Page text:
Novartis had a good day in the Federal Circuit Court of Appeals this week. It's Alcon unit successfully fought off Apotex Inc. from marketing a generic version of the drug, Patanol.
The Patanol patent expires in 2015 and until then, Apotex is not allowed to sell the eye medication. While Federal Circuit invalidated some parts of the patent, it held other aspects of the patent valid.
The obviousness test came into play as Judge Kimberly Moore said that the methods of using olopatadine for the treatment of conjunctivitis didn't hold up as patentable.
Under the obviousness test, the court essentially asks whether the invention was obvious, in light of the information known to a "person having ordinary skill in the art."
However, two aspects related to the composition and the specific concentration of the compound were upheld.
The obviousness test
In conducting its obviousness inquiry, the court looked at (1) the scope and content of the prior art; (2) the differences between the prior art and the claims at issue; (3) the level of ordinary skill in the field of the invention; and (4) objective considerations such as commercial success, long felt need, and the failure of other.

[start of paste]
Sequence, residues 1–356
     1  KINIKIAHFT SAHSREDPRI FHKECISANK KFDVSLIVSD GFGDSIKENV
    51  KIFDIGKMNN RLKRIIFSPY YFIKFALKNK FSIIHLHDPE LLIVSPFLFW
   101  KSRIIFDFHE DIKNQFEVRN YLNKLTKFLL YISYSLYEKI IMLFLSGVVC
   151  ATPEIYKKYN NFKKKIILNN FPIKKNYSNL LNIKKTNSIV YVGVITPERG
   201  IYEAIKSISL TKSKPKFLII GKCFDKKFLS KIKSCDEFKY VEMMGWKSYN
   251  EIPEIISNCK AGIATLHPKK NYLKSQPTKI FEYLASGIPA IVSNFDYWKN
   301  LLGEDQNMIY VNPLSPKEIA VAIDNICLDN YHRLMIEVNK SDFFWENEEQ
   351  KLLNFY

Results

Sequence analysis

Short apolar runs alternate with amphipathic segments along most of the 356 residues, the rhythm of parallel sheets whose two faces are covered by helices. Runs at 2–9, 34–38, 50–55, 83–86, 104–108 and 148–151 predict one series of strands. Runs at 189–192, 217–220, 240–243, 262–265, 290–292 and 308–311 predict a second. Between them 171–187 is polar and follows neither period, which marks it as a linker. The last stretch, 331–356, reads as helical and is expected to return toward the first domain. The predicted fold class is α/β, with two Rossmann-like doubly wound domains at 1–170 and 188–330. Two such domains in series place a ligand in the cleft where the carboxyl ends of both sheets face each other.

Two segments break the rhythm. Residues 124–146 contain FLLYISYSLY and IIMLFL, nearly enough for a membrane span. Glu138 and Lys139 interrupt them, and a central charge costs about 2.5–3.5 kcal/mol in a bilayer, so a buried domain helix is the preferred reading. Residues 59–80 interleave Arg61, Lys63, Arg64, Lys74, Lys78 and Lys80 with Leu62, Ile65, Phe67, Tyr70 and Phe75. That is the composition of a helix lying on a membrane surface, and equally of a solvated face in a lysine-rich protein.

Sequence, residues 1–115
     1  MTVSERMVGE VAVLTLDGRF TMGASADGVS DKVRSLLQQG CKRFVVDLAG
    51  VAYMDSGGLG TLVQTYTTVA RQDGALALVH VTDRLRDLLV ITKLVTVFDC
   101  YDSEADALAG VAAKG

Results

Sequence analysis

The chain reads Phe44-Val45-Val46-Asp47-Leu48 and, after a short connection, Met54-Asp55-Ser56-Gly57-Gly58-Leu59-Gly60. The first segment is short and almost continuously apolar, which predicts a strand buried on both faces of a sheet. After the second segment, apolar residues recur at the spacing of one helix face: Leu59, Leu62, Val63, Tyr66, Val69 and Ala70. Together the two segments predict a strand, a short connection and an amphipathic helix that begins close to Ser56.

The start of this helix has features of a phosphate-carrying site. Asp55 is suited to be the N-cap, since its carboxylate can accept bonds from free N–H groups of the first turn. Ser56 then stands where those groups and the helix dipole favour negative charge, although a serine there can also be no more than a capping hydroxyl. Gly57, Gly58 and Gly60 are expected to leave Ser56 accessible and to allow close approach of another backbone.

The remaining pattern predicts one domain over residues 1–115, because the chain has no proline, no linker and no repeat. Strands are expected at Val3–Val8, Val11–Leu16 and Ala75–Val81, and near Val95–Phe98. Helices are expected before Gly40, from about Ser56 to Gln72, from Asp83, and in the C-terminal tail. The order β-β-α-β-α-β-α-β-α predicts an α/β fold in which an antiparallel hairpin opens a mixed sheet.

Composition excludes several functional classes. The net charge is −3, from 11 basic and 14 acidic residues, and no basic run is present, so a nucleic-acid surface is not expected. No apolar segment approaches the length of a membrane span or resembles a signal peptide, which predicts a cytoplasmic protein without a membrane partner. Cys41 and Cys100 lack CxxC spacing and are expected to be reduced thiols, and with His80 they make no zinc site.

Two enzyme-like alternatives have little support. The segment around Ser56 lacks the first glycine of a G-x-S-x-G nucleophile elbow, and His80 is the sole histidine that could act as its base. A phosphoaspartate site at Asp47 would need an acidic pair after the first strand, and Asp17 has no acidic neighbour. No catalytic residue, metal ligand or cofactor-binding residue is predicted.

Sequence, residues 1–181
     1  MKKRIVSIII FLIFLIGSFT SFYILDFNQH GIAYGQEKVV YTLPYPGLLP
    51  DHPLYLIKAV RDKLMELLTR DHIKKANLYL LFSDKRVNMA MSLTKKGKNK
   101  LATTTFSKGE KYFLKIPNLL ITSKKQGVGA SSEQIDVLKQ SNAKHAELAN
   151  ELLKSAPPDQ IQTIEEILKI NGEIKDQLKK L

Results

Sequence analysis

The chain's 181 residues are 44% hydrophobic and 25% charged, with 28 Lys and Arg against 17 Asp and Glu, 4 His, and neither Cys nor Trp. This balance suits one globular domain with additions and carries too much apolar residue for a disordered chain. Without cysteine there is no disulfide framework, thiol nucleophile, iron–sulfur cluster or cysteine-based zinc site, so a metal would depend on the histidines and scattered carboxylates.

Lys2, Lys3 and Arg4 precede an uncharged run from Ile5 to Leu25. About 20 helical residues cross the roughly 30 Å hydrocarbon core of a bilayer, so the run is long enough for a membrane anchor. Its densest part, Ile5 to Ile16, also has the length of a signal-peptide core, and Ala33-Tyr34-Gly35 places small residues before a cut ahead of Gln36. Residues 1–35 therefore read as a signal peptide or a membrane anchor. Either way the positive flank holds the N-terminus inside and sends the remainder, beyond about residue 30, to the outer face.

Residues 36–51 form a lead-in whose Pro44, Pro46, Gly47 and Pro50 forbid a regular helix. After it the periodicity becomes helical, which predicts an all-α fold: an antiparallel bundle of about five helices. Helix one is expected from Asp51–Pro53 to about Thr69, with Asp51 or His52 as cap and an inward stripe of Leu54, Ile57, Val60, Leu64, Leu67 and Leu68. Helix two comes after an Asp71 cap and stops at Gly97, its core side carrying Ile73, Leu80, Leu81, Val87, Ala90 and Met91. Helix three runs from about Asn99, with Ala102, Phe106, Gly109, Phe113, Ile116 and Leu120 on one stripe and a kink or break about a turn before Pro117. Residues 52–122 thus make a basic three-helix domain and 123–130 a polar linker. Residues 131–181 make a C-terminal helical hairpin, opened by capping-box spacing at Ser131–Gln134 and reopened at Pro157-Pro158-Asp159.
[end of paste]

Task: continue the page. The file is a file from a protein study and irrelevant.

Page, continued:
Motivation need not be the same as the original patentee's. The important point in this case was on the motivation of the modification of the prior art. Specifically, the Federal Circuit court noted that the motivation to modify prior art for the claimed invention need not be the same motivation that the patentee had for the obviousness argument to work.
We've discussed the obviousness test many times on this blog. Have a look at some of our related resources below.
- The Obviousness Test: Court Explains, Remands Amrix Patent Case (Federal Circuit Blog)
- Apple Samsung Patent Infringement Case: Verdict is In (Federal Circuit Blog)
- Browse Federal Circuit Court of Appeals Cases (FindLaw Caselaw)
- Federal Circuit Court of Appeals (US Courts)